A woman charged with stalking and shaking down New York Yankees general manager Brian Cashman has said he got her phony identification to use in getting an abortion after she became pregnant with his child.
Cashman spokesman Chris Giglio said Wednesday that the allegations amount to "more fiction" from a woman already facing stalking, perjury and other charges.
Louise Neathway made the claim in papers she filed Monday in a Manhattan civil court as a prelude to a possible lawsuit, although it's yet not clear whom she might sue. Meanwhile, she is facing criminal charges of stalking Cashman and extorting thousands of dollars from him, harassing her ex-husband and another man and lying to a grand jury. She has pleaded not guilty and is jailed on $300,000 bond.
The Manhattan district attorney's office says Neathway deluged Cashman with calls and text messages, demanded money for a medical procedure and threatened to harm his reputation if he didn't pay. In response, he paid her $6,000, according to a court complaint. She was arrested in February.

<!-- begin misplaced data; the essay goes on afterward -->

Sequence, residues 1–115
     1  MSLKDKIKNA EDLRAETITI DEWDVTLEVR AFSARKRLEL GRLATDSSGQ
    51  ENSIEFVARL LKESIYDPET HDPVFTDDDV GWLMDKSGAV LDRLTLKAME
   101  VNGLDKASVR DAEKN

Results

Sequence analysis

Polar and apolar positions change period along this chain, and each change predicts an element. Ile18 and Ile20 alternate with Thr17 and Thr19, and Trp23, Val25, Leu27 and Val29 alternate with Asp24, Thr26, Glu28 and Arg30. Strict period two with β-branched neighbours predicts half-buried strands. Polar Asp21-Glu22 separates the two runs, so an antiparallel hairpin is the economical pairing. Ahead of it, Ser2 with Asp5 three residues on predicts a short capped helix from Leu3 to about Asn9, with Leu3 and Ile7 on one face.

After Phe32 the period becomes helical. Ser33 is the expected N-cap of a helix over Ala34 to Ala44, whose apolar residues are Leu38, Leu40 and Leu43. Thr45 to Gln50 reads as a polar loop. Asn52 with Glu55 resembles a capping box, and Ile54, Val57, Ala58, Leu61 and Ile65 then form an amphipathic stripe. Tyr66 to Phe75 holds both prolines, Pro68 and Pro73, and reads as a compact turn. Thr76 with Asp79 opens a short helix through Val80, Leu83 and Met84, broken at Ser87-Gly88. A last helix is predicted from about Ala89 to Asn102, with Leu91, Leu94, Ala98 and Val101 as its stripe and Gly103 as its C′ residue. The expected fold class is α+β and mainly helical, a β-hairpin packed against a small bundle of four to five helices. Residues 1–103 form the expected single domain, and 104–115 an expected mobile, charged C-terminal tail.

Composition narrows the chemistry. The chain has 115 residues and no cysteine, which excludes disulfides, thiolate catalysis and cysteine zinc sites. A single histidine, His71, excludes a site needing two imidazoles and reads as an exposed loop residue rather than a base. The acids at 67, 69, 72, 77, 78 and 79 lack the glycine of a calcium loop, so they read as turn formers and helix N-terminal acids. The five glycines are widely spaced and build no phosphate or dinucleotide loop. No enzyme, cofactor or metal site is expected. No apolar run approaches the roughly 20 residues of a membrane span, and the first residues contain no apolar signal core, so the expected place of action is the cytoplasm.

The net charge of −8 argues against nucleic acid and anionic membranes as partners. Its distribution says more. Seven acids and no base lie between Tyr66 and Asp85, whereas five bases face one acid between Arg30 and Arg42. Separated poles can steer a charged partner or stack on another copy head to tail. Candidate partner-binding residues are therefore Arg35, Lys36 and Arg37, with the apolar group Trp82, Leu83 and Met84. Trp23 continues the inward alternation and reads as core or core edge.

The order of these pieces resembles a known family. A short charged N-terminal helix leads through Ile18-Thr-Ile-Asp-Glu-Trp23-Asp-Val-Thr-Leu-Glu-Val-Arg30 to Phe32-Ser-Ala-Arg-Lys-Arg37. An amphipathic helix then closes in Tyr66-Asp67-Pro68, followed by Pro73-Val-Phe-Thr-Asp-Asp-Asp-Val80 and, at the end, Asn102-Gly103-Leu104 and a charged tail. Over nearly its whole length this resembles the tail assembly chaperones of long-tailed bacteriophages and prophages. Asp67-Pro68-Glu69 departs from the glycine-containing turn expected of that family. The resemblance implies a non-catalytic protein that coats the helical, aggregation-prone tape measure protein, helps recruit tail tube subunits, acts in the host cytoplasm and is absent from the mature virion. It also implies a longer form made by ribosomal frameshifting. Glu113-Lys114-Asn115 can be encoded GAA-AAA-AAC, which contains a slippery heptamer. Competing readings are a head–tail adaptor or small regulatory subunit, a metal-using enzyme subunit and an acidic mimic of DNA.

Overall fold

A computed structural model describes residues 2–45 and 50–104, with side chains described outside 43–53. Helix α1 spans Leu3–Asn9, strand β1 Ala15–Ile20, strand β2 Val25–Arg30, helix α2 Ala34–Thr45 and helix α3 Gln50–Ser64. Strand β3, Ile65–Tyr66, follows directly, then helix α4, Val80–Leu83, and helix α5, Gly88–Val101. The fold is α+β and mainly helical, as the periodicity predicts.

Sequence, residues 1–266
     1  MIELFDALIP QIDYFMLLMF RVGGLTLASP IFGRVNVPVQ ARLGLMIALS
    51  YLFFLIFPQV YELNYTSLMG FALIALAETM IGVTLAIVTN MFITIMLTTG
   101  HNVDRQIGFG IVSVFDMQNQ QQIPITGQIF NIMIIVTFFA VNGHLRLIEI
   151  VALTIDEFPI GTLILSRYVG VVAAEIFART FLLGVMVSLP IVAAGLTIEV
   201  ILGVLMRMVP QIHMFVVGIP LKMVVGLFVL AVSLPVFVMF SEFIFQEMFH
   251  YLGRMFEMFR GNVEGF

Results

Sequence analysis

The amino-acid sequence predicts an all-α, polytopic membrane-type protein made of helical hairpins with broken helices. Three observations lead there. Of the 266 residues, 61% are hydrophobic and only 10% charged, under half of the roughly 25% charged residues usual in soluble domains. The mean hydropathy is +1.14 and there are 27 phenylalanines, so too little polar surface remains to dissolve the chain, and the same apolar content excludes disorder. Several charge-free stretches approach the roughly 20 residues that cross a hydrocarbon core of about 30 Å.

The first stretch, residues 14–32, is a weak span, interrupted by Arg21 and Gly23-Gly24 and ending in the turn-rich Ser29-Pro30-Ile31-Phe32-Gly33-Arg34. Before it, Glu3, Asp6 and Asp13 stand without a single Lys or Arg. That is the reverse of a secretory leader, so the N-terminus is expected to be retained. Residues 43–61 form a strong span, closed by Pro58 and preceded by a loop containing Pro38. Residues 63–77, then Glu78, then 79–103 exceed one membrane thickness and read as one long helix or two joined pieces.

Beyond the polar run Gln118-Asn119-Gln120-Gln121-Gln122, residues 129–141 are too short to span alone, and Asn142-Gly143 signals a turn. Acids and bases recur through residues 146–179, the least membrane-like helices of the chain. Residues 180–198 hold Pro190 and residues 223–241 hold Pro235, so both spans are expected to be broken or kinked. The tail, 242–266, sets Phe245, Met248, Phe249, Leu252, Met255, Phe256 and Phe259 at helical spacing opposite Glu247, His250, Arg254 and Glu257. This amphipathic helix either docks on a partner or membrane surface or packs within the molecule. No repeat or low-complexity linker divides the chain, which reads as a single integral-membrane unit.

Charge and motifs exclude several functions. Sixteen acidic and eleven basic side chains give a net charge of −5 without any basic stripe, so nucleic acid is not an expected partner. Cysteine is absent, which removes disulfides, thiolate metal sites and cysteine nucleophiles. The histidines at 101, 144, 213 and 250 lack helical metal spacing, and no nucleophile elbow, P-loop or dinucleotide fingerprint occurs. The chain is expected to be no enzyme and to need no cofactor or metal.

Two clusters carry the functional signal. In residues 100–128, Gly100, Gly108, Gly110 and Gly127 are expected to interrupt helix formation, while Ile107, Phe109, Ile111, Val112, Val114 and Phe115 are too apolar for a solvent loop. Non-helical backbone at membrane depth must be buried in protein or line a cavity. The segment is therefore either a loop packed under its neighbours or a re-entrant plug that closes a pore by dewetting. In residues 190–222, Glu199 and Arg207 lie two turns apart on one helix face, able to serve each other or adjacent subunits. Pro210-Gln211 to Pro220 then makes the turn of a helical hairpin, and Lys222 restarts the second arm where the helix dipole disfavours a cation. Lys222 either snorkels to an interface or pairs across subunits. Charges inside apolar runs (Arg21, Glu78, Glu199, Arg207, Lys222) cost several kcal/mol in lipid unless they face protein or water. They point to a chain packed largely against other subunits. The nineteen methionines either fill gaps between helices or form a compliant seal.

Neathway, a 36-year-old medical sales worker originally from Britain, said in the sworn statement she filed Monday that she and the then-married Cashman were friends for about six years before they began a nine-month affair in April 2011.
When told she was pregnant with his baby in June 2011, Cashman said he wouldn't participate in raising the child, she said in the document. She said she decided on an abortion, and he then insisted on providing her a fake ID.
"He also took care in finding a clinic to provide the abortion service and car service for me on the day of the procedure," she said in the papers, which she filed without a lawyer. She's been in the process of changing lawyers in her criminal case.
While prosecutors accuse her of barraging him with phone calls, Neathway said her phone records show she got more than 100 calls from him between mid-December and the end of January.
Cashman's wife filed for divorce in February. The couple had been separated for a year, according to a person familiar with the family, who spoke to The Associated Press on the condition of anonymity because of the private nature of the matter.
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